Tales of Prison Life

Tales of Prison Life

Ebook Tales of Prison Life by Sri Aurobindo

Tales of Prison Life

Sri Aurobindo was arrested for conspiracy on 5th May 1908 and spent one full year in Alipore jail while the British Government, in a protracted court-trial (which came to be known as “Alipore Bomb Case” ), tried to implicate him in various revolutionary activities. He was acquitted and released on 6th May 1909. Subsequently he wrote a series of articles in the Bengali journal “Suprabhat”, describing his life in prison and the courtroom. Sri Aurobindo made a brief mention in these articles of his spiritual experiences in Jail. Later he publicly spoke on the matter in the “Uttarpara Speech”.

Present EditionTales of Prison Life is an English translation of Karakahini (Bengali) by Sri Aurobindo is a series of nine articles published in the Bengali monthly Suprabhat in 1909-10. This series remained incomplete as Sri Aurobindo left Bengal in 1910. Karakahini came out in book-form in 1920 and published by Sri Aurobindo Ashram. It is a new and alternative translation produced by:

Sri Aurobindo Institute, Calcutta

Book Details

Author: Sri Aurobindo

Print Length: 97 pages

Publisher: Sri Aurobindo Institute, Calcutta

Book format: PDFePubKindle

Language: English

Book Download:


Tales of Prison Life

The year of 1908, Friday, first of May. I was seated in the “Bande Mataram” office, when Shrijut Shyamsundar Chakravarty handed over a telegram from Muzaffarpur. I learnt from it of a bomb explosion in Muzaffarpur that had killed two European ladies. I further gathered from the day’s issue of the “Empire” newspaper, that the Police Commissioner had claimed knowledge of the identity of the people involved in this murderous act and assured of their imminent arrest. I was not aware at the time that the prime suspect was none other than me and the Police investigation featured me as chief murderer as well as the initiator and secret leader of the young Nationalist revolutionaries. Nor did I know then that this day would mark the end of a chapter in my life, that there stretched before me a year’s imprisonment during which period all bonds of a normal human life would be rent asunder and that for a whole year I would have to live outside human society, like a caged animal. And that my return to the field of action would not be as the old familiar Aurobindo Ghose but as a transformed being with a transformed character, a transformed intellect, a transformed life, a transformed mind, who would emerge from the Ashram at Alipore to continue the work on new lines. Though I have described it as imprisonment for a year, in effect it was a year’s seclusion as in an ashram or hermitage. I had been making strong personal efforts since a long time for sakshat darshan (a direct vision) of the Lord of my heart and had nurtured an intense aspiration of knowing the Preserver of the world, Purushottam (the Supreme Person) as friend and master. But the pull of worldly desires, attachment to various activities, and the thick veil of ignorance combined to prevent fulfilment. Finally the Compassionate, Sarva-Mangalamaya Shri Hari (All-Good Lord) removed at one stroke, all obstacles on my path towards him, brought me to a yogashram and Himself stayed as Guru and companion in that tiny Sadhan-kutir (seat of spiritual discipline). This yogashram happened to be the British prison. It is a strange contradiction of my life that the machinations of ill-wishing “enemies” – I still refer to them as “enemies” although it is no longer possible for me to consider anyone as such – has resulted in much greater benefit than the help provided by well-wishers. They intended to cause harm but the result was its opposite. The British Government’s wrath had but one significant outcome: I found God.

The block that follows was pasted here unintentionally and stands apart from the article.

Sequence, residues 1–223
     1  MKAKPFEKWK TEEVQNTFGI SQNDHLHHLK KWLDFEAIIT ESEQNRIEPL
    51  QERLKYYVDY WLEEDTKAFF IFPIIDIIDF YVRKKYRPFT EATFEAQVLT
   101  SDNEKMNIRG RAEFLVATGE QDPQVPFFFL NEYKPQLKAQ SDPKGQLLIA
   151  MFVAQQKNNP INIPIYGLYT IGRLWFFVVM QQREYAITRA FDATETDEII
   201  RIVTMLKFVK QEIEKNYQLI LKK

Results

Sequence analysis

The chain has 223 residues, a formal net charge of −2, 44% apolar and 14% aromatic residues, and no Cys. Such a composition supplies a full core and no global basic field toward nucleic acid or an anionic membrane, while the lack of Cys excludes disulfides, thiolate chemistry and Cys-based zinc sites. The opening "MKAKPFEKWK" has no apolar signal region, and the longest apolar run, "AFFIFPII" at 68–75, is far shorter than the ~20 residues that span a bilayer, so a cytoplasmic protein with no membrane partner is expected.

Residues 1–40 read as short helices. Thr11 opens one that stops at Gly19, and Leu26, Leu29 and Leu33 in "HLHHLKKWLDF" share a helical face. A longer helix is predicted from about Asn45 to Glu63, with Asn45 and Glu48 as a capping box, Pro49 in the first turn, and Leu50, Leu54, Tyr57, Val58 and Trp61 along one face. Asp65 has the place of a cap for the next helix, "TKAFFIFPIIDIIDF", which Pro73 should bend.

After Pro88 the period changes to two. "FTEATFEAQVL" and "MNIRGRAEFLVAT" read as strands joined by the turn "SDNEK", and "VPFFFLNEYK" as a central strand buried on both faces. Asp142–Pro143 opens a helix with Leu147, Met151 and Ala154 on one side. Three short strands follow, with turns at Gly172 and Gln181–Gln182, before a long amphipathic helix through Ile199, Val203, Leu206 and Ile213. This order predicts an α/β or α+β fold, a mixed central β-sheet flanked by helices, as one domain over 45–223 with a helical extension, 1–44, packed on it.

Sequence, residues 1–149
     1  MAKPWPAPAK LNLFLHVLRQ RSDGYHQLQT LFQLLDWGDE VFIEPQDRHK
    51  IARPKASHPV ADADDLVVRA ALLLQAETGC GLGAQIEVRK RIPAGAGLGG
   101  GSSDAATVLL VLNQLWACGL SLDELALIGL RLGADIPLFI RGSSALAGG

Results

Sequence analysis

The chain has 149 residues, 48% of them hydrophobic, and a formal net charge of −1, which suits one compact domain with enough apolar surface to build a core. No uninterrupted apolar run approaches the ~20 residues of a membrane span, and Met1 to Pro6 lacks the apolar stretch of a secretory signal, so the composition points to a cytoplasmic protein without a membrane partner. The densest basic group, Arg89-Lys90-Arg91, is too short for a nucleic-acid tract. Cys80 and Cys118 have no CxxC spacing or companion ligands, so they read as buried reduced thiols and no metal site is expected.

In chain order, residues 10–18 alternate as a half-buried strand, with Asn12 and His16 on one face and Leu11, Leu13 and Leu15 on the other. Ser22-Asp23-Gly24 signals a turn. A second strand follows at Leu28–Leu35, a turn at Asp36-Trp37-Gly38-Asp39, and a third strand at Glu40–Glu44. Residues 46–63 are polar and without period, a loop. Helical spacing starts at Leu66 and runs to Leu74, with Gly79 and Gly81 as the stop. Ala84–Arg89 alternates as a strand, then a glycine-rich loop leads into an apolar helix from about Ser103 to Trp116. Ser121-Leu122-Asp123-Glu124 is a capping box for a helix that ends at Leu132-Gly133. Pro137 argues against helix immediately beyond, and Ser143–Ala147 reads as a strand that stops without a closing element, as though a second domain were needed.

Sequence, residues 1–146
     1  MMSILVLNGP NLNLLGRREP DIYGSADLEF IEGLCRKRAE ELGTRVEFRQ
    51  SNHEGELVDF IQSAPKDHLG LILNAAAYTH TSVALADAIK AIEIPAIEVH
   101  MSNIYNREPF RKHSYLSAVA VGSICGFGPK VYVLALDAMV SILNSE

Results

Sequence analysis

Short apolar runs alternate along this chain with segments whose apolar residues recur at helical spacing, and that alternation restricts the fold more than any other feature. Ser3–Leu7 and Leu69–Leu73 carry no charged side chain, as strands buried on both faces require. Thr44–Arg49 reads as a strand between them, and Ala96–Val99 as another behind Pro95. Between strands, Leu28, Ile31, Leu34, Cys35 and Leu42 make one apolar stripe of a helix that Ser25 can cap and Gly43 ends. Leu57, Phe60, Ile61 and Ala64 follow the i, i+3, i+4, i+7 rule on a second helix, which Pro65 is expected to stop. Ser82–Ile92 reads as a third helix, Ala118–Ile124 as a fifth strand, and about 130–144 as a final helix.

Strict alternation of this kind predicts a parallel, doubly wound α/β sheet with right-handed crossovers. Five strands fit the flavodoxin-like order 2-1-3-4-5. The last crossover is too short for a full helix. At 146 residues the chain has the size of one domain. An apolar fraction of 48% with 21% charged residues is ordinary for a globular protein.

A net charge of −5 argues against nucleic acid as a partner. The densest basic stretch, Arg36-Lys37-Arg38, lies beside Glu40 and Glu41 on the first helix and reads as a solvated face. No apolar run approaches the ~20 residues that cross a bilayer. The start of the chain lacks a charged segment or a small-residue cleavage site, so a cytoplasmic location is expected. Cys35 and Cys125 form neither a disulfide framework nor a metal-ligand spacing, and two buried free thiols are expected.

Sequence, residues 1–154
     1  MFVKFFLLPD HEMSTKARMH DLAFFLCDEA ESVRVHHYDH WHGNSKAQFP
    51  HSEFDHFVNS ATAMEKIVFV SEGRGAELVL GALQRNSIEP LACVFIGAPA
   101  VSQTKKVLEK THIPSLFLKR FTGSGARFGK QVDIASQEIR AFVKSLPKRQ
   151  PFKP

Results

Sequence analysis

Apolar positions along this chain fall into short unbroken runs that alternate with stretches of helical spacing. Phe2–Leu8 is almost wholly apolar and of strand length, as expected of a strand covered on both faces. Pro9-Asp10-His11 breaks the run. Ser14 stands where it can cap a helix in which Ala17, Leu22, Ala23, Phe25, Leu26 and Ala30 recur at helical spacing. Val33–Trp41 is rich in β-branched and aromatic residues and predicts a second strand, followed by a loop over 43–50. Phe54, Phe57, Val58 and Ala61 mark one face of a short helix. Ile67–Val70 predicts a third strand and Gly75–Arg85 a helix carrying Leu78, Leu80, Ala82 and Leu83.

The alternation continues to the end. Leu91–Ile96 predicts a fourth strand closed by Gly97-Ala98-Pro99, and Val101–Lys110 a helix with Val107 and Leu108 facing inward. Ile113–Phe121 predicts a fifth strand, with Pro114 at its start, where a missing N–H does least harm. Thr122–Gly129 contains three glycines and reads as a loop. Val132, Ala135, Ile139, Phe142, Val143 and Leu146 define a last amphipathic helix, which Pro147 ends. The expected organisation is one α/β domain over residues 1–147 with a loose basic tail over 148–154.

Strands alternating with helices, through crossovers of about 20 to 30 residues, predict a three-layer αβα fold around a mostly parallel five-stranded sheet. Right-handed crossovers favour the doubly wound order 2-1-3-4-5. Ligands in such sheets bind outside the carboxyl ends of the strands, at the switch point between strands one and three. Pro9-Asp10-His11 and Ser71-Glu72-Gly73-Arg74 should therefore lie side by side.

This essay was not meant to be a historical record of my inner life during imprisonment; I merely wished to describe some of the outer events. However I thought it fit to begin the essay with a mention of the real essence of the prison-experiences – lest readers mistake suffering as the summary of my prison-life. Although it cannot be said of suffering, that there was none, the period, on the whole, passed in self-existent bliss.